BirdNote®/Common Murres’ Swimming Migration
Most birds migrate along a flyway, but as Michael Stein of BirdNote® explains, some choose the sea-route. (Photo: © Tom Grey)
[BIRD NOTE THEME]
GELLERMAN: Fish gotta swim, and birds gotta…… Well it turns out some of them gotta swim too - as Michael Stein explains in this week’s BirdNote ®.
[CALLS OF COMMON MURRE CHICKS AND SOUND OF WAVES]
STEIN: When we think of avian migration, we think of birds in flight. But certain groups of seabirds called Common Murres migrate north by swimming. Some Pacific Coast Murres paddle north to the sheltered bays of the Strait of Juan de Fuca to feed on herring and other small fish.
[CALLS OF COMMON MURRE CHICKS]
STEIN: Bob Boekelheide, Director of the Dungeness River Audubon Center in Sequim, Washington, explains:
BOEKELHEIDE: It turns out that when Common Murres go to sea with their chicks, the chicks are only maybe three, three and a half weeks old. These small chicks jump off the cliffs, land in the water, they can’t fly. The adult parent that goes with the chick is the father, and at that time the father will swim with the chick. Well, there are no colonies of Common Murres in the Strait of Juan de Fuca, so they had to come from these other colonies out there on the outer coast.
Well, the interesting thing about it is that these Murres do not fly here as far as we know. At that point the chick cannot fly. They’re only a third grown for their normal adult size. And so they swim in the water from the outer coastline, certainly from the coast of Washington, and perhaps as far as Oregon and maybe even Northern California, traveling north along the coast and eventually ending up in the Strait of Juan de Fuca.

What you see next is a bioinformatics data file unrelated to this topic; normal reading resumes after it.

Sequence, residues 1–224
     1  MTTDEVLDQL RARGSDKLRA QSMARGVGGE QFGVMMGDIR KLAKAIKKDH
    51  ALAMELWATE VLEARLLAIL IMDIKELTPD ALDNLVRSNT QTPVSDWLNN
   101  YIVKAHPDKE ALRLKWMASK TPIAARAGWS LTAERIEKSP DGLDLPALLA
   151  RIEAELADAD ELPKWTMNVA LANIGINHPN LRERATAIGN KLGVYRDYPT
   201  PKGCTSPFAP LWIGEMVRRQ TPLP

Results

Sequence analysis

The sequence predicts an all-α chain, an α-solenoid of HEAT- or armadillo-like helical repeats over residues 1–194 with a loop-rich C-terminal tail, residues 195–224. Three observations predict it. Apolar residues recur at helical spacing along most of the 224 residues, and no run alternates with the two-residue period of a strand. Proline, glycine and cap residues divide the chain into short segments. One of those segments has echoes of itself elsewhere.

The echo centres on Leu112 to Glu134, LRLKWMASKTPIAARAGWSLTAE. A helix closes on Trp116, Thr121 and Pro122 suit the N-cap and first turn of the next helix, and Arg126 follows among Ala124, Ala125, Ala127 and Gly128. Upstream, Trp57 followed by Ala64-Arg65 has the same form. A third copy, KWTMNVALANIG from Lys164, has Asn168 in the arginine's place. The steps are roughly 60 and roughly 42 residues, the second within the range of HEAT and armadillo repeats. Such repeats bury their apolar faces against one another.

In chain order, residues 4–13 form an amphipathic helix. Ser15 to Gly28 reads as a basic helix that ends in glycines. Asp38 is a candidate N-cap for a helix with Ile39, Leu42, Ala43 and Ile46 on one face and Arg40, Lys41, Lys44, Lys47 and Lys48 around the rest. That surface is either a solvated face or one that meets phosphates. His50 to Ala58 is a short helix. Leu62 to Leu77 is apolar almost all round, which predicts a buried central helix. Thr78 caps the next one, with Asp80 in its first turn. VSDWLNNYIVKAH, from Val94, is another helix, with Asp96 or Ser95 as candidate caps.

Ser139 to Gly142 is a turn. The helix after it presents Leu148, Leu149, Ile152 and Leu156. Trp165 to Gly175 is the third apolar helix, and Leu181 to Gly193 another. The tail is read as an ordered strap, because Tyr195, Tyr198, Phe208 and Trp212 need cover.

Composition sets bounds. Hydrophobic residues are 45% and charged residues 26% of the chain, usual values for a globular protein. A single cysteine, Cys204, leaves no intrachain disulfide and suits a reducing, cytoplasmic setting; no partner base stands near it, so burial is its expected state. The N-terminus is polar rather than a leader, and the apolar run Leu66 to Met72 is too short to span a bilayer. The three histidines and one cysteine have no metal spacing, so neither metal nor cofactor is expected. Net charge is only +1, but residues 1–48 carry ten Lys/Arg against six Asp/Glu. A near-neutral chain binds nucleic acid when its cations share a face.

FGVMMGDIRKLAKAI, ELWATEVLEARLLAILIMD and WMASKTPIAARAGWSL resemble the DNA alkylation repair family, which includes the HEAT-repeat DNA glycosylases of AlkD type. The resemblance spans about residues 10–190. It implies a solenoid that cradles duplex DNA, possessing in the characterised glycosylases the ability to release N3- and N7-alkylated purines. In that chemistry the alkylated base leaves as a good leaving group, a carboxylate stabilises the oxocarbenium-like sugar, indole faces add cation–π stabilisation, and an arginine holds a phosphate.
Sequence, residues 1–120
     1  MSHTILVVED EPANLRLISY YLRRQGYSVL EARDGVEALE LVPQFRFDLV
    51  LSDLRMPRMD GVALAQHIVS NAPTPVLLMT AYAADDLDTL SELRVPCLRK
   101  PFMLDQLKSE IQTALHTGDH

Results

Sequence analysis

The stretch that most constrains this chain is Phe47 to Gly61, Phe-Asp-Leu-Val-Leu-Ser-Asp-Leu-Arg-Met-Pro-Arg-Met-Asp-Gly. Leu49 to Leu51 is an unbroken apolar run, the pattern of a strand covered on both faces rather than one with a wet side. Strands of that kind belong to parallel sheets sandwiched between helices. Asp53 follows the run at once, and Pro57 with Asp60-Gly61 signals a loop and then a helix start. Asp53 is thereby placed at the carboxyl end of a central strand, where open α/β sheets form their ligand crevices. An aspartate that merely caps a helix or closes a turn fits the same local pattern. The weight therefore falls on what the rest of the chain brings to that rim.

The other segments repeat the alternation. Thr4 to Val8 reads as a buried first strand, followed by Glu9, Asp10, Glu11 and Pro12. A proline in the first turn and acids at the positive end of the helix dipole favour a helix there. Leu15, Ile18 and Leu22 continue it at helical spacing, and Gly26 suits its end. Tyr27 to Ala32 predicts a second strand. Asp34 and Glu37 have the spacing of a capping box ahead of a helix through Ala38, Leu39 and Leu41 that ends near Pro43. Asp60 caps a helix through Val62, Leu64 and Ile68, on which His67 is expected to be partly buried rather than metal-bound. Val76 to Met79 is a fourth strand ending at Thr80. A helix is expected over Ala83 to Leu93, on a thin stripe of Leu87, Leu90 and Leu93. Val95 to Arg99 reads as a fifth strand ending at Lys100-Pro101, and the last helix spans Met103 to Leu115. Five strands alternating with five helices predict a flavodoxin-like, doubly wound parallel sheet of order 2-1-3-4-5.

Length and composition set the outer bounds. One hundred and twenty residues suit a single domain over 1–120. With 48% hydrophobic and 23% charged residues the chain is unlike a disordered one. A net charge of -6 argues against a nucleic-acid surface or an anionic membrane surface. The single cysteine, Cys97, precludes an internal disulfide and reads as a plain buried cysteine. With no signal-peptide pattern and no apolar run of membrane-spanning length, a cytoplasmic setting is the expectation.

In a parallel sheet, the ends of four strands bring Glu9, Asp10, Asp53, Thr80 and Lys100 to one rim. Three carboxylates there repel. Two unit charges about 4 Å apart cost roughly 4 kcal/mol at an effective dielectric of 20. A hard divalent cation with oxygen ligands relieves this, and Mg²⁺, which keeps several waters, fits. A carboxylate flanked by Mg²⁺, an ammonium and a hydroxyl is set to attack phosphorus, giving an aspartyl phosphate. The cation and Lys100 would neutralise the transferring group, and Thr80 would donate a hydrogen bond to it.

[CALLS OF COMMON MURRE CHICKS]
STEIN: Heading north, they live on the sea. Imagine! A journey that spans two months and may cover hundreds of miles.
[CALLS OF COMMON MURRE CHICK AND PARENT]
GELLERMAN: Michael Stein of BirdNote®. And for some great photos – and more – paddle over to our website, loe.org.
Sounds of Common Murres provided by The Macaulay Library of Natural Sounds at the Cornell Lab of Ornithology, Ithaca, New York. Call of adult and chick at sea recorded by T.G. Sander; sound of a colony by M. Fisher.
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